Meghan Lee Donahue, M.S., ATP

Stout Vocational Rehabilitation Institute, University of Wisconsin Stout


Data collection during computer access assessments can help strengthen and support the recommendations of the assistive technologist.  Many people who conduct these types of assessments don’t collect data because it is time consuming and it doesn’t account for the development of the skills with the tool after practice.  Typing and cursor control data can easily be collected and incorporated into the assessment process.  The collected data can be used to support the recommendations, facilitate discussions about what equipment should be recommended and compensate for the technical challenges that could be encountered during the assessment.


Although many professionals agree that data collection is useful during assistive technology assessments, during professional conversations it is often discussed that there are many barriers that prevent it from being part of the standard practice.  Some of the barriers that are mentioned in the context of computer access and ergonomic assessments include that it is time consuming, doesn’t account for the learning curve and skill building with the assistive technology, fatigue induced through the assessment skews the results and that the information doesn’t add significant value or change the recommendation.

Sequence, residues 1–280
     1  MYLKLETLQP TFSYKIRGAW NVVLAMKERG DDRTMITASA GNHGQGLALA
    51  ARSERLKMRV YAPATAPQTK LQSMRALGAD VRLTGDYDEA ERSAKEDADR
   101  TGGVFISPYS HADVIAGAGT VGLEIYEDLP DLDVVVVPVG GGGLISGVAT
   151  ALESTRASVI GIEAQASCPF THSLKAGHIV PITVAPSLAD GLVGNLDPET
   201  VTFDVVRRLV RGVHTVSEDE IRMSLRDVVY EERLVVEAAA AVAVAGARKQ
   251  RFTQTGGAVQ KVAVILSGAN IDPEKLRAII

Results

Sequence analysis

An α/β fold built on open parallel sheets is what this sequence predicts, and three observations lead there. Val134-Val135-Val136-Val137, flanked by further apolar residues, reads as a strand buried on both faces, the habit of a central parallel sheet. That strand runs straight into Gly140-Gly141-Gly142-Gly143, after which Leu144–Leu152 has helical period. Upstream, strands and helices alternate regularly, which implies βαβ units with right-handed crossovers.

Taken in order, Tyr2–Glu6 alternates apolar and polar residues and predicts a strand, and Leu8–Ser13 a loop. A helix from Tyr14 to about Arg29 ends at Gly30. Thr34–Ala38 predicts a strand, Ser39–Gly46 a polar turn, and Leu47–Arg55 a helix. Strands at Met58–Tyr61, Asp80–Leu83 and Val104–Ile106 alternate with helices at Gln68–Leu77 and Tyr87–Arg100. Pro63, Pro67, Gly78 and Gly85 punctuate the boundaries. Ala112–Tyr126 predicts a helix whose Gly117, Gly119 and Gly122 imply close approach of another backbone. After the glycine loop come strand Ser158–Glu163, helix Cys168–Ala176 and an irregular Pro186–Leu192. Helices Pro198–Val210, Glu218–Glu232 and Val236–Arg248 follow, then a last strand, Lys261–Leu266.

The advantage of data collection is that it can provide baseline information for comparison of interventions, assist with device selection, assist with device positioning, assist with determining settings for the device, be used to assist with forecasting reasonable expectations of performance and defend the decision to recommend or not recommend a specific device.  Some funding sources appreciate data to support recommendations, although not all require it.  While it can be valuable to collect data during a computer access assessment, it is important to recognize that this is a way of supporting the clinical assessment process and is not a way to replace their judgement. 

Through experimentation during several computer access assessments, a method to incorporate data collection in computer access assessments has been developed as well as a list of ways that it can be used to assist and support clinical decision making.  The rest of this article is devoted to explaining how data can be collected for keyboard and mouse control and used by the assistive technologist during the assessment process. 


With regard to keyboard and cursor control, data can easily be collected with regard to typing speed, typing accuracy, mouse control, mouse clicking, switch control and scanning.  The tool that was used for collecting this data was Compass Software by Koester Performance Research.  The software allows for customization of the tests to accommodate endurance, needs and motivation.  Tests that are available within the software are pointing aim, pointing drag, pointing menu, text entry letter, text entry sentence, text entry word, scanning switch and scanning scan.  Upon completion of the tests, the program will compile data from similar tests and compile a report that compares all of them together.